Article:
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Consider a site about one's family tree.  It might have something like:
Consider a site about one's family tree.  It might have something like:
<source lang="html4strict">
I can trace my family back to  
I can trace my family back to <a href="http://en.wikipedia.org/wiki/William_I_of_England">William the conqueror.</a>
<a href="http://en.wikipedia.org/wiki/William_I_of_England">
  William the conqueror.
In these cases it would be useful to have @rel="ancestor", and perhaps a corresponding @rel="descendant".
In these cases it would be useful to have @rel="ancestor", and perhaps a corresponding @rel="descendant".

Revision as of 11:08, 28 November 2008

XFN Brainstorming


This page is for brainstorming about various uses and details of XFN, as well as collecting input for potential extensions.

Required Reading

Before participating in any XFN brainstorming please read and understand the following:

Note that all existing XFN values were based on research that showed real world sites that indicated such relationships explicitly via text and hyperlinks to other sites. Thus any new semantics or values will be more seriously considered if URLs demonstrating existing text labeling and hyperlinking behavior are provided.



Identity Consolidation

See rel-me and identity-consolidation.  

Indicating non-identity

I think we need a way to indicate that another page should not be consolidated into your identity. - KevinMarks

common name disambiguation

If you have a common name, creating a disambiguation page or pages to indicate which ones aren't you is useful for indexers and people alike. In fact there are examples of people already creating such a page and linking to pages that are not them. Real world use cases that would benefit:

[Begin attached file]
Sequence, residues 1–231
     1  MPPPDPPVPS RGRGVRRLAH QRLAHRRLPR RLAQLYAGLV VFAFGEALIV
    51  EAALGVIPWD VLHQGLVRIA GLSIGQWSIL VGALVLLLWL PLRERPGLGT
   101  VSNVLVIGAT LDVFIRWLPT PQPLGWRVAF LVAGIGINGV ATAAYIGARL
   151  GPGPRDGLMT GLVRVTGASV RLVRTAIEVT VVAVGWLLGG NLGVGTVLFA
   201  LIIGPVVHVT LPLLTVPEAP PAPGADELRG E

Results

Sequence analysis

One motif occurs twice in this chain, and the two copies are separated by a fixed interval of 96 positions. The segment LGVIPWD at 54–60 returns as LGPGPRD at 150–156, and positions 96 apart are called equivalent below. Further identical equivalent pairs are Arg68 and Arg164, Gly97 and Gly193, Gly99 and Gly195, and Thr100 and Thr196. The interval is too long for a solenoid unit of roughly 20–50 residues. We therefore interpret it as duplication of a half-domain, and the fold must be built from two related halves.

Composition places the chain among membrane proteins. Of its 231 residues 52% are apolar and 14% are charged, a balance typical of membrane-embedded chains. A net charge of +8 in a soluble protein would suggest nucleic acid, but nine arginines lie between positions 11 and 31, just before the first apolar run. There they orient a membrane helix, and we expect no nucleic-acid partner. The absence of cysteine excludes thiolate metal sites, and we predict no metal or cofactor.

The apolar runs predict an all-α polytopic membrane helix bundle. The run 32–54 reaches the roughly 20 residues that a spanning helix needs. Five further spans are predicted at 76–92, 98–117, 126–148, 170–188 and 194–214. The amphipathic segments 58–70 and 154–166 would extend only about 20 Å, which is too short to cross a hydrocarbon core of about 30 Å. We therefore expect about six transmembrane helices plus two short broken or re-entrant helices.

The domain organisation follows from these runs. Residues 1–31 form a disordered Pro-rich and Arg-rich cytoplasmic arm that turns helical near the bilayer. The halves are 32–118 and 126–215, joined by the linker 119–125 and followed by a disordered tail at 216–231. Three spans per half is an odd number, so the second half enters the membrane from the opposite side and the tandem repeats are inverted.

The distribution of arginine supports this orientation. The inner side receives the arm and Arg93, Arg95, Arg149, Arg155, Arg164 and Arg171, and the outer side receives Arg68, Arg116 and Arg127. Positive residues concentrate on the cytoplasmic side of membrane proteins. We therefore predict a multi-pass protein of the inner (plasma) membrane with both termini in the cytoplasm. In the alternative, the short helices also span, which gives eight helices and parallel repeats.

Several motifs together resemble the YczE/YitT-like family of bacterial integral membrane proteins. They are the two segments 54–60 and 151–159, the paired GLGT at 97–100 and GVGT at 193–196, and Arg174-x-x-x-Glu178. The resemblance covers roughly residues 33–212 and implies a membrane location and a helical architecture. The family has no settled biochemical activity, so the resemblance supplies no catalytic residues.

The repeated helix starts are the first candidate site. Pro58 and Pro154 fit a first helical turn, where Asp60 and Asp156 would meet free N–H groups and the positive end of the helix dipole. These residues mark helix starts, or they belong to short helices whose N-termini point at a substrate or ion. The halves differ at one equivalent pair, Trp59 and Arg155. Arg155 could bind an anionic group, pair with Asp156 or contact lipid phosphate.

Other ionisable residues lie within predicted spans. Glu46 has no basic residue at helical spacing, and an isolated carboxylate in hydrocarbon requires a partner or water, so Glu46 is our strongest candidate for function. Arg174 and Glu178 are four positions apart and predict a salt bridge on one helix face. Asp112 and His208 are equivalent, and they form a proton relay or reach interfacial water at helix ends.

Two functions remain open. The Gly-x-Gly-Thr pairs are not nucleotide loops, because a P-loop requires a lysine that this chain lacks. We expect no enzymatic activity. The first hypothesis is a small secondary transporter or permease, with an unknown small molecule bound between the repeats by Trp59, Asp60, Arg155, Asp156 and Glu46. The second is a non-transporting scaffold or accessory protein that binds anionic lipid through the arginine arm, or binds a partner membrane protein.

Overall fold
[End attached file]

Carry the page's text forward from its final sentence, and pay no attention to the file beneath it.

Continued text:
accidental or malicious rel-me links

If someone accidentally or maliciously links to one of my pages with rel="me" it would be good to be able to actually deny the connection, rather than just passively not link back. See | the social graph API results for kevinmarks.com for examples. - KevinMarks

This appears to be more of a theoretical use case (as compared to the common name disambiguation) because the real world use is to simply not link back, and I don't think we should encourage people to add links to things that are not them, nor are they likely to, especially if it is a spammer/stalker/griefer that is linking to them. - Tantek

notme proposal

initial proposal: rel="notme", though very open to better suggestions.

Extending family relationships


The XFN: Background page says:

We considered adding "grandparent," but in the end dropped the term because it seemed unlikely to be used in the near future. It may appear in future versions of XFN.

Presumably the assumption is that a grandparent won't have a website, but:

To date, no real world examples have been documented, thus, per the microformats process, we should not complicate a format for a theoretical need. However, anyone that cares to pursue this may find some real world examples to document in the following web searches: "my grandpa's website", "my grandfather's website", "my grandma's website", "my grandmother's website". See also genealogy-examples.

ancestor descendant

Even if they don't maintain it themselves (or are deceased) there might be a URL that does a good job of representing a person.

Consider a site about one's family tree. It might have something like:

I can trace my family back to <a href="http://en.wikipedia.org/wiki/William_I_of_England">William the conqueror.</a>